• The Pakistan working class took over a petrol station to oppose power cuts in Lahore that have intensified the country’s current economic crisis. Protesters blocked roads and occupied government offices. A general strike also took place in the industrial city of Faisalabad.
• The Aysén Social Movement in Chile has made great strides against its government tormentors and has worked to provide the working class with better working conditions, healthcare, education and city infrastructure.
• About 40 people were killed in this week alone in Syria as a continued backlash against the Arab Spring and activist groups. More than 9,000 have been killed in the yearlong conflict, but protests and marches persist.
• Countless marches have sprung up in the United States to assemble against racism in the dozens of protests that demanded justice for murdered teenager Trayvon Martin.
• Jamyang Palden set himself aflame in the town of Rongwo in China to protest the country’s occupation of Tibet, where government officials have cut off Internet and international news access. Palden is the 27th person in the last year to self-immolate in protest.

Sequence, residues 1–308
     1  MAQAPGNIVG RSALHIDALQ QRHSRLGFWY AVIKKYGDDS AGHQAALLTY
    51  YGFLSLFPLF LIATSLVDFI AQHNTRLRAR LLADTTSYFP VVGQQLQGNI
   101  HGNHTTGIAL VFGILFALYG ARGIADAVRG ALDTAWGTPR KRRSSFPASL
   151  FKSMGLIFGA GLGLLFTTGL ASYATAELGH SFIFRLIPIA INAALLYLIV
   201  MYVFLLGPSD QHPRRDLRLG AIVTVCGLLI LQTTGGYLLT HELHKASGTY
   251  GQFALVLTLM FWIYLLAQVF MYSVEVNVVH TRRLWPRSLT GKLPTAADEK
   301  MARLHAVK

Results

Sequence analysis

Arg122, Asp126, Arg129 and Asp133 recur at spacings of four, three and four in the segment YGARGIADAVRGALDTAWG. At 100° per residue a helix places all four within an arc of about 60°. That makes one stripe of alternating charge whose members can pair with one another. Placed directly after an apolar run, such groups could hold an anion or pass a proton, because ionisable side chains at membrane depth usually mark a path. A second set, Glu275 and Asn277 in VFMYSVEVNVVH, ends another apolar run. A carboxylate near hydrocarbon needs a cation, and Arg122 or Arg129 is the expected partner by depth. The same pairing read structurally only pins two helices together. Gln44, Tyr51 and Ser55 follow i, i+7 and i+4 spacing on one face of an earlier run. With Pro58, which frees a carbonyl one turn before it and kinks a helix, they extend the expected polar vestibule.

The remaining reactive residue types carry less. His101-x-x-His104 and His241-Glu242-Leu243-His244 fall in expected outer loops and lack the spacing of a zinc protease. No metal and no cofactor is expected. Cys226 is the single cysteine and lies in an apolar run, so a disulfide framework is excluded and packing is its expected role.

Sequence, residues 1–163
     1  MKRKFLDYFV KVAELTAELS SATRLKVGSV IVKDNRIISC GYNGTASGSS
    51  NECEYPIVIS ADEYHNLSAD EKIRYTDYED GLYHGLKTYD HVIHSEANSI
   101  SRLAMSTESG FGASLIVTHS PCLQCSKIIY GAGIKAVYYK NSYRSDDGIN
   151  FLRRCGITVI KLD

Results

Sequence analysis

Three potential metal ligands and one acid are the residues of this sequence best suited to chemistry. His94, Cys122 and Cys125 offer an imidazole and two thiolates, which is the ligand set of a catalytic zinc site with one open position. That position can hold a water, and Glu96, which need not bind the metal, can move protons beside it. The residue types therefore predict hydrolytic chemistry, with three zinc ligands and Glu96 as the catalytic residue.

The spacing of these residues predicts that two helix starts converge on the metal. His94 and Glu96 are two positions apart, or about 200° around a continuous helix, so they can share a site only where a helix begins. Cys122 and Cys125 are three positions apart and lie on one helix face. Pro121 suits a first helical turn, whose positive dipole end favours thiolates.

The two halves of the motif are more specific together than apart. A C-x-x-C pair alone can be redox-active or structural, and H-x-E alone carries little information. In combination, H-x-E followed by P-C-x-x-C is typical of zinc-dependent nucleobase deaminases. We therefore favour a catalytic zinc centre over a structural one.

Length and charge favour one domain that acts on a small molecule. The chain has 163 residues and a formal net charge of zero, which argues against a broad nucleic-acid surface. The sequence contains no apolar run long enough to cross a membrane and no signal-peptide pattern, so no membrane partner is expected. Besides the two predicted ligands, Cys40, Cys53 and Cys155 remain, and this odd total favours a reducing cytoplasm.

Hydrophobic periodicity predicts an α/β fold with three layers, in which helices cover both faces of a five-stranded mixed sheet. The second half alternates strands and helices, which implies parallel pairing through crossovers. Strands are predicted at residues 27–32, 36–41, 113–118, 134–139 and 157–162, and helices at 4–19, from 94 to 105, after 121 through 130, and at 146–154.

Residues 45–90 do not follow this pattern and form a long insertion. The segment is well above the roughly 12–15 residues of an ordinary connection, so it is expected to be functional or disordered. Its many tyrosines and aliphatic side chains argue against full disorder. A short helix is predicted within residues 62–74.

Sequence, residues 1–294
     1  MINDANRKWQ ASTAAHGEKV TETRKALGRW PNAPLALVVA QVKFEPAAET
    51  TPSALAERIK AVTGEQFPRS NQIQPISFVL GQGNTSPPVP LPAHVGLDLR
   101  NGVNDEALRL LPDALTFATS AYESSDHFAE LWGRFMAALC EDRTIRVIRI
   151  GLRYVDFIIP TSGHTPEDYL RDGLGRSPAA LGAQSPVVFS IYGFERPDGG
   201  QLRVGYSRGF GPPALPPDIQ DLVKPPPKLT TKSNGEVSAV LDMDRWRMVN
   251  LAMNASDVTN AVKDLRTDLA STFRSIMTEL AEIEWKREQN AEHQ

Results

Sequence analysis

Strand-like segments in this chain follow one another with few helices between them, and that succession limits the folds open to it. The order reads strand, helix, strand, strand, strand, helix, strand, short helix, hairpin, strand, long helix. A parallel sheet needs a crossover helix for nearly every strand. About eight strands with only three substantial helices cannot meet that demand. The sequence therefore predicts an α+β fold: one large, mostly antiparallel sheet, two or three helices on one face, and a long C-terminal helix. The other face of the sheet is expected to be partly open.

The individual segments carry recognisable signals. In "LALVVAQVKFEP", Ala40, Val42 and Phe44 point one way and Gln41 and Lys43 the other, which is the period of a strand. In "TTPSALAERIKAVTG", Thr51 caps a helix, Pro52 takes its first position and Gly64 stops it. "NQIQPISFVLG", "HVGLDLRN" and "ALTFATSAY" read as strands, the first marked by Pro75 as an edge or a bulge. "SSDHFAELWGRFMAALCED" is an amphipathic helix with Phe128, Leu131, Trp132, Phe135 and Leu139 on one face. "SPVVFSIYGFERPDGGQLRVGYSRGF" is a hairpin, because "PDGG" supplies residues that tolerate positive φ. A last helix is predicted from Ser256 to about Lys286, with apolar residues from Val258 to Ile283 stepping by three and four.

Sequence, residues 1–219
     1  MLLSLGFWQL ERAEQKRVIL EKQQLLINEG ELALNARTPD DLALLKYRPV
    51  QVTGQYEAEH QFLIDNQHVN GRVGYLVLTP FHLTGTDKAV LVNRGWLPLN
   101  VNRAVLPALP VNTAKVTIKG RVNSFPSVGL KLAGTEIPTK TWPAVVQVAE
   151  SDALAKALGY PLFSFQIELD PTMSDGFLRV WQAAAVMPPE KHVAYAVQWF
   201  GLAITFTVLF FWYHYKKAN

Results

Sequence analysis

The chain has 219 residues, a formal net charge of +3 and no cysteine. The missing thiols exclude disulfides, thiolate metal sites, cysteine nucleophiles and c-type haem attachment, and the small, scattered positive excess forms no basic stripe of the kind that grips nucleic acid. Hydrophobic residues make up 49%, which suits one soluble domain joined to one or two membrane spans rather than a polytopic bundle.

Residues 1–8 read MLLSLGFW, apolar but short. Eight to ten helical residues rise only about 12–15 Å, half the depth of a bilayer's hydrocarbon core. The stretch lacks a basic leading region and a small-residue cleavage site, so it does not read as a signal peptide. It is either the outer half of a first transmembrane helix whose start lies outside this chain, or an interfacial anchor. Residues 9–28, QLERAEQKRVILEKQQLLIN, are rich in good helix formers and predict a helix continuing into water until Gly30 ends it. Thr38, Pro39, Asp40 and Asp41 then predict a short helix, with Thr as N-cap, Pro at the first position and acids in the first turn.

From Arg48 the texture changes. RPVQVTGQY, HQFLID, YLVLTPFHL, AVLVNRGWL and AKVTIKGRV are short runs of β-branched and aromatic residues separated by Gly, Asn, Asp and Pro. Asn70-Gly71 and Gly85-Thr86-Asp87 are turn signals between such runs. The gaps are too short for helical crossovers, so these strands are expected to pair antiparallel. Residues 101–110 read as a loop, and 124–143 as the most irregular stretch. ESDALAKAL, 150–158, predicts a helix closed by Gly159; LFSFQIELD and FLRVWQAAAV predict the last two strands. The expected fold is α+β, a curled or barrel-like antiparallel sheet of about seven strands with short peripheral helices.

• Protests broke out across Spain on March 29 in opposition to austerity measures. Some were aggressive. The protests came right before Prime Minister Mariano Rajoy announced $40 billion in program spending cuts and tax hikes for the working class.
• Pro-Tibet activists demonstrated against the visit of Chinese president Hu Jintao in New Delhi. At issue are human rights violations perpetuated by the Chinese government in Tibet.
• On March 30, Land Day protests led to police brutality in Palestine. The protests commemorated the six Palestinians killed by Israeli soldiers in 1976 during a demonstration against Israel seizing land in Galilee. Coordinated international solidarity actions are simultaneously taking place around the world.
…and was just in March.
The first week of April has also been an internationally active time of protest, as well:
Dimitris Christoulas, a 77-year-old Greek man, shot himself in the head in the middle of an Athens public square in response to the country’s debt crisis, which drowned Christoulas and his family.